Matt Mundall loves the work of a chaplain—connecting and providing support to people in a medical setting when they need it most. And thanks to AdventHealth’s recently expanded chaplaincy internship program, Mundall spent this past summer getting practical experience in his dream job in their Denver health care facilities.
For him, it’s just one more confirmation that he has discovered his God-given calling. But his life direction hasn’t always been so clear.
First, he thought of becoming a pastor, but he became disillusioned after seeing the discord in so many churches.
Then he set his sights on becoming a missionary. He completed an internship at a farm, enrolled in a year-long health evangelism course, and signed up to serve as a student missionary. While he had intended to go to Russia to use the Russian language skills he’d been working on, he took a health counselor position in Ireland. Since Ireland is a predominantly Catholic country, Mundall, who grew up Adventist, found himself interacting and making friends with people of a different faith. “It really opened my eyes and changed the way I viewed God,” he said. “I found a more personal God, and it transformed my spiritual journey.”
As much as he loved his year as a missionary, he was still in search of a life plan. He decided to study nursing when he came home.
Union is first on the list
He applied to an Adventist college, but the acceptance process dragged on and on, and Mundall began to feel like God was leading him to seek out a different school. When he searched online for Adventist nursing programs, Union was the first college that came up.
Mundall had been on Union’s campus during high school, but he’d never considered attending. However, the response he got to his initial application took him by surprise. “They were so friendly. They wanted me here,” he said. “I was impressed that Union had such a good nursing program, and I felt that God was opening doors for me.”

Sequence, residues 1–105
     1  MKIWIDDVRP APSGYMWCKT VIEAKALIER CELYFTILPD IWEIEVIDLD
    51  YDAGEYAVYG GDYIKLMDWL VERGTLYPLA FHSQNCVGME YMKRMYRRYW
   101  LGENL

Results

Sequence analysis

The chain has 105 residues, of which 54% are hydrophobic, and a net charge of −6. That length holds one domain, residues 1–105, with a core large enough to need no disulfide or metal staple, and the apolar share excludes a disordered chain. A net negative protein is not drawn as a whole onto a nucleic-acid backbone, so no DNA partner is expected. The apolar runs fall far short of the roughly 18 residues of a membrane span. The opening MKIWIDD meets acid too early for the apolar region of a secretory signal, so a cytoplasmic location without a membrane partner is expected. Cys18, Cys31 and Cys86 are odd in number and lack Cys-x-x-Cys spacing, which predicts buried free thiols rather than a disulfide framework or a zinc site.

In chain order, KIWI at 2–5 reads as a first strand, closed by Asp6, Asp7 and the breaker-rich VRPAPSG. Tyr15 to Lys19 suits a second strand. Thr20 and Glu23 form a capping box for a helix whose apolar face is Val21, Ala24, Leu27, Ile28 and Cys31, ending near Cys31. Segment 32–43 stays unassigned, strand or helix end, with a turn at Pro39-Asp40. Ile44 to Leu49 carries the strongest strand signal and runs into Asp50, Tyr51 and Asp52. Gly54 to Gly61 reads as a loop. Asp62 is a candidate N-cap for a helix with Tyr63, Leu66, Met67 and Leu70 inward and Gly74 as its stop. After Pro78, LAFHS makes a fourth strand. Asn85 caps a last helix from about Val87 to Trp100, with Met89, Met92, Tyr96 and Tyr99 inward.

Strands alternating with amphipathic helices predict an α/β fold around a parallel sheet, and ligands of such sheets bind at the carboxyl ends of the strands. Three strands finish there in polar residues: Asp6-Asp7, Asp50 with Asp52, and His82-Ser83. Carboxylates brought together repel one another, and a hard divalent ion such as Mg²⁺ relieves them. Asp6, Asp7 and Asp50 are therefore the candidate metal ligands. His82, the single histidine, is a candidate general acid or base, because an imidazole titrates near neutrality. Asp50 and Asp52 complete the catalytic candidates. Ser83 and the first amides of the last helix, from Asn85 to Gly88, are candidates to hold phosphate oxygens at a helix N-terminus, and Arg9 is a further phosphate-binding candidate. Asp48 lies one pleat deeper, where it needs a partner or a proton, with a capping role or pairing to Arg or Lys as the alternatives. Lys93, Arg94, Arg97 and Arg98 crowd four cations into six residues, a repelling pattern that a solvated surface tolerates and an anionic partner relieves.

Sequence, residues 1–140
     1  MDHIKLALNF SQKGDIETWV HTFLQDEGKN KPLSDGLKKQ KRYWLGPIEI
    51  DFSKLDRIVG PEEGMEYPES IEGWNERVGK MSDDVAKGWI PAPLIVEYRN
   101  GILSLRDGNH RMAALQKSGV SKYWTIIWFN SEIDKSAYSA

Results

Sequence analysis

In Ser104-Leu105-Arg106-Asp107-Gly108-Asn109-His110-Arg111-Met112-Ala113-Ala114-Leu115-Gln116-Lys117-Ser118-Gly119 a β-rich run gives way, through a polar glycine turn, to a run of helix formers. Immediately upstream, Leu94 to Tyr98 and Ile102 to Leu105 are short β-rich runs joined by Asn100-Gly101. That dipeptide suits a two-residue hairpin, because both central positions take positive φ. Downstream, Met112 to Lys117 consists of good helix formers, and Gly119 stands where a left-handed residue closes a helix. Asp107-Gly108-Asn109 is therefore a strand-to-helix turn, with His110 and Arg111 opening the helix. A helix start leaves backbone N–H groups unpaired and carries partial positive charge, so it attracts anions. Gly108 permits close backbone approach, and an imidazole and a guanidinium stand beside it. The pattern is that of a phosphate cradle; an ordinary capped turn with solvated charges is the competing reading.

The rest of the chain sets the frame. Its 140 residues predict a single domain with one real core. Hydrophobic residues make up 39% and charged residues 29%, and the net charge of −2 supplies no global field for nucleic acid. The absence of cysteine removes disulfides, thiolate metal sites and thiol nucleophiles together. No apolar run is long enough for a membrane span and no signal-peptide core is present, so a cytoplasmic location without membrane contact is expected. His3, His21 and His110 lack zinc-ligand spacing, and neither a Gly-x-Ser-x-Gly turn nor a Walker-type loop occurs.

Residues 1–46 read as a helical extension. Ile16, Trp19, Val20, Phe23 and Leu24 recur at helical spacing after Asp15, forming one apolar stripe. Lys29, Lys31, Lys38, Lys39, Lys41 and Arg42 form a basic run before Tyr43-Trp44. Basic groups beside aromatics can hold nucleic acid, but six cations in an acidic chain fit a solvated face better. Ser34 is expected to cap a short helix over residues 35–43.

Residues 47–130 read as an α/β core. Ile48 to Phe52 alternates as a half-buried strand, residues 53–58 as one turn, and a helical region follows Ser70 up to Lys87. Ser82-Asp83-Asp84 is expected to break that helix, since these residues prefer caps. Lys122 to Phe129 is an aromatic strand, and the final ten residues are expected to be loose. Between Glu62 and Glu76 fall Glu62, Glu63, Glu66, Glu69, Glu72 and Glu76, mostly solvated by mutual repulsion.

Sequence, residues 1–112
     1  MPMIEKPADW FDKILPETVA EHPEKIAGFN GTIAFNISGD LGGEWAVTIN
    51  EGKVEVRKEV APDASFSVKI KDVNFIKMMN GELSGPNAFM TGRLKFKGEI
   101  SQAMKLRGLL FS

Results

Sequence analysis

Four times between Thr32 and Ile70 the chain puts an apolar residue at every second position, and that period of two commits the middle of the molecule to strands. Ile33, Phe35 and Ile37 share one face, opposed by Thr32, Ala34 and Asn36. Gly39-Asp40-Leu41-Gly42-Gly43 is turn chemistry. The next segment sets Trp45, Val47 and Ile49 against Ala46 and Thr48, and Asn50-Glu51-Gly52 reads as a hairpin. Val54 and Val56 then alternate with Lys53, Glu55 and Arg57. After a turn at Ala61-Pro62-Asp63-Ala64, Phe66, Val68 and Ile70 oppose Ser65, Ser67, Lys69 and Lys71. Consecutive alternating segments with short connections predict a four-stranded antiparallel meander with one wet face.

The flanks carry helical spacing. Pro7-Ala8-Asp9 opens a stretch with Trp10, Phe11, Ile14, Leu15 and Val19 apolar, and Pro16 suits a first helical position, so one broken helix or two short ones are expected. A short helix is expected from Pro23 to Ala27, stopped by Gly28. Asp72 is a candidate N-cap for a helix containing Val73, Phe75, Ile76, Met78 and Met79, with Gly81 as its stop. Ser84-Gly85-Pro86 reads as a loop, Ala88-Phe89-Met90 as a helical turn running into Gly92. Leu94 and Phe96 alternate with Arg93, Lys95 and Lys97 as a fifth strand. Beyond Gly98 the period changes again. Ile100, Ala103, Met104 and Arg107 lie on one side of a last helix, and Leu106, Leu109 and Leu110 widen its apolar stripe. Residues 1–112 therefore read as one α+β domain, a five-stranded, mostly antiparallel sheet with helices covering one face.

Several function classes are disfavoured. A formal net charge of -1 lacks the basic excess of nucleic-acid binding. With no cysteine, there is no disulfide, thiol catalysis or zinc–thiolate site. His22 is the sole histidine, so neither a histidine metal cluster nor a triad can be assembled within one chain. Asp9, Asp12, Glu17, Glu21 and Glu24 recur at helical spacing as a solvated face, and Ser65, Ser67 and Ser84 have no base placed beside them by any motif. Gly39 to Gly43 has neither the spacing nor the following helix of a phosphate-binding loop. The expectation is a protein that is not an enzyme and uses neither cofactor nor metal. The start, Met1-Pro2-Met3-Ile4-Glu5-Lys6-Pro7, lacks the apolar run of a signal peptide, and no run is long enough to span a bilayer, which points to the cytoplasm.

So, in the fall of 2015, Mundall enrolled as a first-year nursing major. He got involved with Campus Ministries, working with the student missions program and became the religious liaison connecting the nursing students with Campus Ministries. Then, one day in clinicals during his sixth semester, he had a realization.
A catheter and an epiphany
“They were asking us who wanted to practice doing a catheter and starting an IV, and everyone else was volunteering,” he said. “I didn’t really want to do any of those things. Then the professor said, ‘We have a patient who is really struggling and frustrated, and we need someone to listen to them and just be present.’ My hand was the first one up. I realized that what I loved about nursing wasn’t all of the procedures and memorization—that was actually what I didn’t like. What I loved was that bedside connection and the ability to help people emotionally. That experience really opened my eyes to the fact that God had a different calling for me and that He’d used nursing to bring me to it.”